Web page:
January Gardening Tips
- If you want your amaryllis to bloom again next year follow these simple steps: After blooming cut back the flower spike close to the base of the bulb. The leaves should be left intact since they are making food for next year's flowers. Place in bright light and continue to water and fertilize monthly. After last frost in spring, you can move your amaryllis outdoors for the summer. Continue to water and fertilize. Mid September allow the soil to completely dry, cut back the foliage and place the bulb in a paper bag and store in a cool dark area for a rest period of 6 - 8 weeks. After the rest period you can repot the amaryllis bulb and it should bloom again in 10 - 12 weeks.
- Plant paperwhite bulbs every other week for continuous flowers.
- Birds will welcome both food and water during freezing temperatures and when the ground is covered with snow. You might even consider purchasing a water-heater designed to keep birdbaths free of ice.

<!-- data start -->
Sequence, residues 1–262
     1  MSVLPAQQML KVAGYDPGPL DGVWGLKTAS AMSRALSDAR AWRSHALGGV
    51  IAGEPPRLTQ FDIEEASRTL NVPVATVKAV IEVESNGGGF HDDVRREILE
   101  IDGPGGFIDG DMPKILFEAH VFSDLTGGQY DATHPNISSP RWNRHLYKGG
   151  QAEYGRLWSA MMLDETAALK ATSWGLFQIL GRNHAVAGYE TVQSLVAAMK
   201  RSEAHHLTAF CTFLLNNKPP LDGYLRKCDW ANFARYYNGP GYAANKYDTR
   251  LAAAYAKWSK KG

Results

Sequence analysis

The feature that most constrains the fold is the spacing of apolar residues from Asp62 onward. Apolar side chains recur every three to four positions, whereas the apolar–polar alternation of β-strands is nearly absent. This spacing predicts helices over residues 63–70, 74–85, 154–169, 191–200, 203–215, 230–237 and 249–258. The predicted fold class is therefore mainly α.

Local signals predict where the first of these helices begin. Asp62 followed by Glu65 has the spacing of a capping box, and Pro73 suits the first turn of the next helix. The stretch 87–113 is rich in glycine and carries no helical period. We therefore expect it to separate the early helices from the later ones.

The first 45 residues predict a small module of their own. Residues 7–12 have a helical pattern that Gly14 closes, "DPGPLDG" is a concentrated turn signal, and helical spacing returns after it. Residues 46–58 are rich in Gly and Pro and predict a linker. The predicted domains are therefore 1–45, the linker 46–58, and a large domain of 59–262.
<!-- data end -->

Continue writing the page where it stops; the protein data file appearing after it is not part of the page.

- Send your Christmas tree to the local recycle center so the tree can be shredded into mulch for use in the garden, or put it in the yard so birds can use the tree as a habitat. Add some pinecones smeared with peanut butter or other bird delectables and you've got a natural bird feeder.
- Prevent evergreen branches from breaking by shaking or brushing off heavy wet snow.
- This is a good time to order seeds from catalogues so you will be ready for planting when the weather permits.
- If de-icers are used on icy walks and driveways, use products that will not harm animals, turf grasses, and other plants.
- Got the winter-time blues? Take a short trip to your local nursery or greenhouse to see something green, growing, and in flower. The Orangerie at Red Butte Garden is a great place to relax, enjoy the view of the city and the unique plants growing there.